Now look in the next verse, Allah talks about us, Muslims. He say’s, ‘Huwa yajtabakum.’ The English translation says, ‘He selects messengers’, and then it says, ‘Allah selects you.’ But the word for selection for messengers was istifa which means it’s purely Allah’s choice but the word for us was ijtiba, i.e. huwa yajtabakum. What this means is to select someone based on qualifications. Like for example, if you have a loose bolt on your kid’s bike, so you open the tool box and one of the spanners is too big the other is too small and then you see one that is just the right size for the job. That’s ijtaba. I didn’t make istifaa but ijtiba. I chose the right tool for the right job. That’s what the word ijtiba means. And when for example I’m going to hire somebody, I will interview ten people in order to select one person. I’m not going to make istifa, it doesn’t make any sense. I’m going to make ijtiba. I’m going to pick the right person for the right job. So Allah used a different word when he talked about you and me being Muslim. He used a word which suggests that he picked me and he picked you to be able to say, la-illaha illa Allah, wa Muhammad (s) Rasullallah. Why? Because he sees us fit for the job. He’s got something in mind for us for you and for me and he sees that we are perfectly fit for that task. So he picked us. So shouldn’t it be a big priority for us to figure out what Allah wants us to do? What He wants me to?
Sura Hadeed (57:7) makes us ask that question. ‘Spend out of what you have been given…’ Here rizq covers every resource at your disposal. It covers things like whatever talents you have been given, whatever abilities you have been given, whatever financial resources you have been given, whatever social position you have been handed etc. So use whatever you’ve got at your disposal and spend it for Allah your Master. That’s the demand of Allah in Sura Hadeed. Here in the verse which we are discussing, he’s letting you know that you have been chosen for a particular task.You are not just a random selection of Muslim. Each and every one of us has a role to play and we have to figure out what it’s going to be. And that requires a deep assessment of oneself. That’s ajtabakum.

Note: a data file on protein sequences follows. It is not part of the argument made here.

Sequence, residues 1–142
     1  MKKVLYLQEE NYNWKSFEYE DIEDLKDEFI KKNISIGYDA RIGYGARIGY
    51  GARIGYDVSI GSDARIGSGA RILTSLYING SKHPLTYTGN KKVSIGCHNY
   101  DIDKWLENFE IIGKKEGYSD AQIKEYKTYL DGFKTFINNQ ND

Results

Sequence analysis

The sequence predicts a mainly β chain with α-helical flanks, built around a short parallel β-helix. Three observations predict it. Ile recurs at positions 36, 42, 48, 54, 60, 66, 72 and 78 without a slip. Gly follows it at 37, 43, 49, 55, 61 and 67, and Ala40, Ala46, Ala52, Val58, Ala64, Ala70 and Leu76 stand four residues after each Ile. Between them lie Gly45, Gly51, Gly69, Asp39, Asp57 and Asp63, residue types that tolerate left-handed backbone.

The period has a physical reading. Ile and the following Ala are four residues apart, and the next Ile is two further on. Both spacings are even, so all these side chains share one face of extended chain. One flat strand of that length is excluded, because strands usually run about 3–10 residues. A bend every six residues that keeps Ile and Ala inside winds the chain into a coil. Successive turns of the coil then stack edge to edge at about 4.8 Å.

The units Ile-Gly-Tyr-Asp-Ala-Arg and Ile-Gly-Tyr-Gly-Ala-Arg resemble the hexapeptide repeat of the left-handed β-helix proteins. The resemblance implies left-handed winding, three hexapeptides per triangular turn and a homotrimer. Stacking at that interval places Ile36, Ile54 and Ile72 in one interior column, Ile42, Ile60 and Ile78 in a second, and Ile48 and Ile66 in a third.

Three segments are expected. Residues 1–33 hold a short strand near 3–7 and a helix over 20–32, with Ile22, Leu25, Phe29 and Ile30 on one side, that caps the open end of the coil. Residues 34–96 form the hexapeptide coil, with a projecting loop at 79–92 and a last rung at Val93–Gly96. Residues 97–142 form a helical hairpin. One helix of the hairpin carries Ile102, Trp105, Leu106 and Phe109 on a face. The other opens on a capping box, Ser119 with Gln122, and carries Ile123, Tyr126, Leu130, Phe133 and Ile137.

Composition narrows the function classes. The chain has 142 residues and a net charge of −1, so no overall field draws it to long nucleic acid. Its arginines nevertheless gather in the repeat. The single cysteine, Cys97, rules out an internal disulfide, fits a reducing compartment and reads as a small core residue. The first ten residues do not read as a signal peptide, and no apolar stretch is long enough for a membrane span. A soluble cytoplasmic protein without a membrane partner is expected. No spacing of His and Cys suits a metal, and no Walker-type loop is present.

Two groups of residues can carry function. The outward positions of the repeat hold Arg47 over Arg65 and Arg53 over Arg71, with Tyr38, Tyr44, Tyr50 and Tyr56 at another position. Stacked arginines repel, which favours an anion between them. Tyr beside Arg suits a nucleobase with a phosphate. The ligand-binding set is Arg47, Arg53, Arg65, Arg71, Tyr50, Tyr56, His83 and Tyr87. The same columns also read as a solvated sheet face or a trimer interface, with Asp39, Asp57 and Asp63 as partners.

This comes at the end of this ayat but now let’s go back and balance the equation again. Allah (swt) says, ‘He knows whatever is in front of them and whatever’s behind them and to Allah all decisions are returned.’ The word for decisions is amoor. This comes from amr which means actions that were made with a specific and deliberate purpose. All such decisions will be returned to Allah and after issuing this threat to humanity believers are addressed. I want you to understand this transition. It’s a very heavy transition.
In the first part of this passage Allah is displeased with humanity. They are calling upon false gods. They don’t even understand the simplicity of tawheed. Even though something as simple as a fly can teach them that lesson. They don’t appreciate Allah as he deserves to be appreciated. On top of that even though a fly should have been enough to teach them about Allah, He sent messengers anyway. But they still didn’t understand. Don’t they realise that everything that they do in the past, the present and the future is on record. So they are in some serious trouble. Humanity is in serious trouble.
Now Allah says, If you care about each other you would be worried about the ultimate destiny of your fellow human beings. By default humans care about each other, that’s just part of who we are our natural disposition or fitrah. By the way the word insaan is from uns which means a creature full of compassion. We can’t but help feel compassion for others. And this trait, feeling has been eroded or even taken out of our system gradually and slowly in our time. So we have become desensitized. Otherwise we are programmed to feel compassion for others like us. We are supposed to be bothered when we see somebody in pain. We are supposed to be concerned when someone else is suffering. But in modern educated, advanced, liberal and so called humane civilised society, whether in the east of west many people walk right by when they see someone lying on the pavement in pain. That’s how we’ve been desensitized, or de-humanized. It’s almost like if it’s happening behind a screen for us. The major reason is because we see so many people dying, being injured or hurt on TV so much that we think everything is a movie. Our life also becomes like a movie. So when we something which bothers us we just change the channel. That’s how we have become completely de-sensitized as genuine, caring, compassionate human beings. But if you are sensitive as a human you will realise that you have a lot to do. And one of the most important aspects of caring for others is to remind them of their ultimate destination.